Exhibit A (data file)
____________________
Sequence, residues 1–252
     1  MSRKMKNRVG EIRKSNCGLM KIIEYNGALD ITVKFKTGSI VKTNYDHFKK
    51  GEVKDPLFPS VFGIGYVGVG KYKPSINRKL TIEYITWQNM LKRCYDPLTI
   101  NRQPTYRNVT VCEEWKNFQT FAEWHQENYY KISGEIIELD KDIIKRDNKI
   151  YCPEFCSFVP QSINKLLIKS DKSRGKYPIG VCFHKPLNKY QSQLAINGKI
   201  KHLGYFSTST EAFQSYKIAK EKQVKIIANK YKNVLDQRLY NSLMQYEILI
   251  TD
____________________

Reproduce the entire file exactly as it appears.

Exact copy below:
Sequence, residues 1–252
     1  MSRKMKNRVG EIRKSNCGLM KIIEYNGALD ITVKFKTGSI VKTNYDHFKK
    51  GEVKDPLFPS VFGIGYVGVG KYKPSINRKL TIEYITWQNM LKRCYDPLTI
   101  NRQPTYRNVT VCEEWKNFQT FAEWHQENYY KISGEIIELD KDIIKRDNKI
   151  YCPEFCSFVP QSINKLLIKS DKSRGKYPIG VCFHKPLNKY QSQLAINGKI
   201  KHLGYFSTST EAFQSYKIAK EKQVKIIANK YKNVLDQRLY NSLMQYEILI
   251  TD